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Monday, November 28, 2011

Real Life Fear

One of my favorite movie lines is from Diary of a Mad Black Woman. When the main character (who's just spent the night on Madea's couch after being thrown out of her mansion by her husband of eighteen years) runs into an old friend in Madea's kitchen. The friend, now a drug addict, is twitchy, pale, and gaunt. After she leaves, the main character, stunned, asks Madea, "What happened to her?"

Madea pauses and says, "Life."

Life happened to our family this month when hubby (who's only forty-two) had a heart attack.

We were stunned. He has almost no family history of heart attack, he's not super-overweight (just pleasantly chubby), and his job, though not strenuous, involves a lot of walking (so it's not like he rides a desk all day).

We were on day three of deer hunting when it happened. We hadn't seen any deer so we were planning on going wide the very next day. These last few years, deer hunting has been tough. We put on a lot of miles and end up in some very remote places. Luckily, that day we were sticking fairly close to home.

We happened to be scouting a slough only ten miles from home when two deer came up out of the valley. The promptly jumped back down into the valley when they spied our truck. Hubby decided they had probably laid up just over the ridge, so he decided to go take a look. My fun meter was already pegged out, so I decided to stay in the truck.

He went over the hill, spooked up the deer, and got a shot off at one--but missed. He climbed back up out of the valley and returned to the truck. "Take me home," he said. "My chest hurts."

I took him home and he had a sandwich. After half an hour, his chest still hurt . . . and the pain had spread down his arm and up his neck. After that, things happened fast.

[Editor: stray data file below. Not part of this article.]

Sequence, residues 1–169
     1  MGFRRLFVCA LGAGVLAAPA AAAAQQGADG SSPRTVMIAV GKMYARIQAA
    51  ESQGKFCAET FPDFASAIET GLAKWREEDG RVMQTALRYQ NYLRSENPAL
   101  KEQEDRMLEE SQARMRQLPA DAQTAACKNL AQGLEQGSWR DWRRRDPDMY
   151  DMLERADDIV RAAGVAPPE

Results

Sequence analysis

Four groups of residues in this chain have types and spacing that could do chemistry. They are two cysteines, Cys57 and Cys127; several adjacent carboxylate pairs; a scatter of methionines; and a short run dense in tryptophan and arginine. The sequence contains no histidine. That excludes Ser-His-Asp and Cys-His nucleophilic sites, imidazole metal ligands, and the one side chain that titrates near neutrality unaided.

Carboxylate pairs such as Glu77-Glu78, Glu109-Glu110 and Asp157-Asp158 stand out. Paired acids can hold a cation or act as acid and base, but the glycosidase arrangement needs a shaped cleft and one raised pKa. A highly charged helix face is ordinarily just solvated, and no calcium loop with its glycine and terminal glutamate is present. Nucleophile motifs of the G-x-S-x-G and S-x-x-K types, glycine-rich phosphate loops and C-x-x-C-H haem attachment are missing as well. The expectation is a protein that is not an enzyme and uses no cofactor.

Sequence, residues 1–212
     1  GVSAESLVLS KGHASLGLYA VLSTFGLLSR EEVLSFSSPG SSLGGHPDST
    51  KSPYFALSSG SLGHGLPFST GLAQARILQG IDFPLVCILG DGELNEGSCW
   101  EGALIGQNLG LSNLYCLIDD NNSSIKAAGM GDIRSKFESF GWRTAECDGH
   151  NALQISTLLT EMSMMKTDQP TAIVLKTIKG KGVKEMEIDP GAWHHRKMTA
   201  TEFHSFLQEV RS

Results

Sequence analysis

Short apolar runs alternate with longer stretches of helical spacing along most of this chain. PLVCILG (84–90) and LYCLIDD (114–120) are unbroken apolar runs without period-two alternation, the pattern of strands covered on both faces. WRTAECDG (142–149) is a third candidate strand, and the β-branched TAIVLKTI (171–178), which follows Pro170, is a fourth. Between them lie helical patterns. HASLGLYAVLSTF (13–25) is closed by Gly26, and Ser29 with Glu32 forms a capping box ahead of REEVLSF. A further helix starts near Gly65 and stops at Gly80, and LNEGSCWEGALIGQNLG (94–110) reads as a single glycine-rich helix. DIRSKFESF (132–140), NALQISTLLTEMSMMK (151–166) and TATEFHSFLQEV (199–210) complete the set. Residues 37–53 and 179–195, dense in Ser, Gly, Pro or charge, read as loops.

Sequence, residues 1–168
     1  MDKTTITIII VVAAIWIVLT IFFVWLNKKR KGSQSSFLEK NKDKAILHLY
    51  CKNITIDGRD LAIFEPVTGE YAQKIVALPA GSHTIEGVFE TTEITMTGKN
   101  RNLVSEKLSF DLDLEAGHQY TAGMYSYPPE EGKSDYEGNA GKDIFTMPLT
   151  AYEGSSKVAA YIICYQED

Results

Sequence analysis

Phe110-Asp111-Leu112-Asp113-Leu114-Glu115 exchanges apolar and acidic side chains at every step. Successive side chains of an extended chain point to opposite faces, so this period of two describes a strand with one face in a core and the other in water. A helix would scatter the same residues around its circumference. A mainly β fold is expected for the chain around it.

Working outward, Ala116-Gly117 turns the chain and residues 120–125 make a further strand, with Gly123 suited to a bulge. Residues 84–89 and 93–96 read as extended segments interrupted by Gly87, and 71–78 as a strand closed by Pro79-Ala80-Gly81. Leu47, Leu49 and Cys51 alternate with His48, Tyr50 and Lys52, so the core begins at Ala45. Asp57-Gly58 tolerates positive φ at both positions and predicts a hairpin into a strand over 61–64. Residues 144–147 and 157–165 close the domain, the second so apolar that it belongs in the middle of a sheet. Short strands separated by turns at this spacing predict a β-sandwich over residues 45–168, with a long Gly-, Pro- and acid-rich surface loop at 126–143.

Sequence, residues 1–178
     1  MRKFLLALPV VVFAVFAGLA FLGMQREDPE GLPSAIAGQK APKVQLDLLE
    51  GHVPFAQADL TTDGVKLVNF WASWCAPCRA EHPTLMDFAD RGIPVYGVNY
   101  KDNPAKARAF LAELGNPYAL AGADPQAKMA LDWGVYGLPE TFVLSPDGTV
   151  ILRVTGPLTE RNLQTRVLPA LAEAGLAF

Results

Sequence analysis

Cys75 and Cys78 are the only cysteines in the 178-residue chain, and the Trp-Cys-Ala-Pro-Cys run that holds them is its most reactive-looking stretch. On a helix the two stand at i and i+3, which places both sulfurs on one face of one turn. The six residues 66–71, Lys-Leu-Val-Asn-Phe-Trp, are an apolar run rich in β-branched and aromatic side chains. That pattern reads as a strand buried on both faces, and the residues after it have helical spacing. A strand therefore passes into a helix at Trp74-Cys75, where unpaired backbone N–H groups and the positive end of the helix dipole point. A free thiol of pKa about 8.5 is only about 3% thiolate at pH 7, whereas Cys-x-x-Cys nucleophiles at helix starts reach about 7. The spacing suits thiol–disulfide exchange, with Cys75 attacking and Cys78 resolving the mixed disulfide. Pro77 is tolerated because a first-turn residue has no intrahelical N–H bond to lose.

First they did an EKG and blood test. Everything was normal, but they decided to keep him overnight. I expected to return the next morning and bring him home (everything was normal, right?), but when I arrived, they were doing an ultrasound on his heart.

In the middle of the night, the enzymes in his blood spiked, indicating tissue death. He'd had a heart attack (the enzymes don't show up in the blood until hours after the heart attack, most of the time).

So now they were scheduling him for an angiogram, where they inject dye and look for blockages. Halfway through the angiogram, I was informed they found a blockage. His angiogram had become an angioplasty where they feed in a wire and place a stent! Afterwards, when I went back to see hubby, he said, "Did they tell you what happened?"

I said, "Yes, they found a blockage," thinking it couldn't get any worse.

But no, it can get worse: not just a blockage, it was an 80% blockage . . . in a forty-two year old man!

So this month has been full of doctor appointments, cardiac rehab, and extra-long shopping trips (we've had to rethink and replan our whole grocery list--it's not easy eating healthy).




He's doing better now and back at work. I told him if he ever scares me like this again, I'm going to have them revive him and then kill him myself.

Friday, November 25, 2011

Horror, Fantasy, Sci-Fi: Spec-Fic Friday, Nov. 25th

Next, after Prometheus?
Ridley Scott Reveals New Details for Blade Runner Movie


Bruce Campbell Talks Evil Dead Remake: No Ash


Why, oh why!?! Gimme back my Bruce!
Bruce Campbell's Cameo in Oz Has Been Cut


From io9:
10 Crazy Scifi Plot Devices That We’d Like to See


Booksellers’ picks of the year: science fiction and fantasy


Now we're on to reboots of reboots of reboots . . .
Godzilla Reboot Finds a New Writer


10 Modern Must-Read Sci-Fi Masterpieces